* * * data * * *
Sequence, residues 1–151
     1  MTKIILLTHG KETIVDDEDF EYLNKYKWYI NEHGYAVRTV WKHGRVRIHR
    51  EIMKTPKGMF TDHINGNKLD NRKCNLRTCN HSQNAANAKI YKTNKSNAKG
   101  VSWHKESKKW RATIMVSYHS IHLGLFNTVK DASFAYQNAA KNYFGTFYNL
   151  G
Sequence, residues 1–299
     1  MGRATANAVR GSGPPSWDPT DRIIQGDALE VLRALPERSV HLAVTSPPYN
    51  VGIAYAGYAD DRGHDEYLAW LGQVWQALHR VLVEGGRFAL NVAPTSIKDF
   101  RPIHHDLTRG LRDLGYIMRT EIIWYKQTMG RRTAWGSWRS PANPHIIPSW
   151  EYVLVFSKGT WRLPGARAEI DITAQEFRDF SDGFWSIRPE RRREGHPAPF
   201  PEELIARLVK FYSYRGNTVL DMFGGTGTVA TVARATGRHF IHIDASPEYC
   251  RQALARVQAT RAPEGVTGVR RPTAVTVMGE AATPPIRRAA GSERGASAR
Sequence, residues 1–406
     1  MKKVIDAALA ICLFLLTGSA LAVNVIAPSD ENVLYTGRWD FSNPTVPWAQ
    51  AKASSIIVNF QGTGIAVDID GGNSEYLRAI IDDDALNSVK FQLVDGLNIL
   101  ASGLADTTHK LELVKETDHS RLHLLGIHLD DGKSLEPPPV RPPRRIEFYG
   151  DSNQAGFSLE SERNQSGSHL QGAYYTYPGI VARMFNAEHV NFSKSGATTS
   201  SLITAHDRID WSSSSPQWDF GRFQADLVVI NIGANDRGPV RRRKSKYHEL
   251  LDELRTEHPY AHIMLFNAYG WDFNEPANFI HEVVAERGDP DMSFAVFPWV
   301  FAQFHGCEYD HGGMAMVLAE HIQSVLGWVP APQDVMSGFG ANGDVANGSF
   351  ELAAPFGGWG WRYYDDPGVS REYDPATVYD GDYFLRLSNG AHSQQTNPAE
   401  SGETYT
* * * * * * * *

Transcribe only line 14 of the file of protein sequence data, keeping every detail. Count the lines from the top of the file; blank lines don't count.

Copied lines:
     1  MKKVIDAALA ICLFLLTGSA LAVNVIAPSD ENVLYTGRWD FSNPTVPWAQ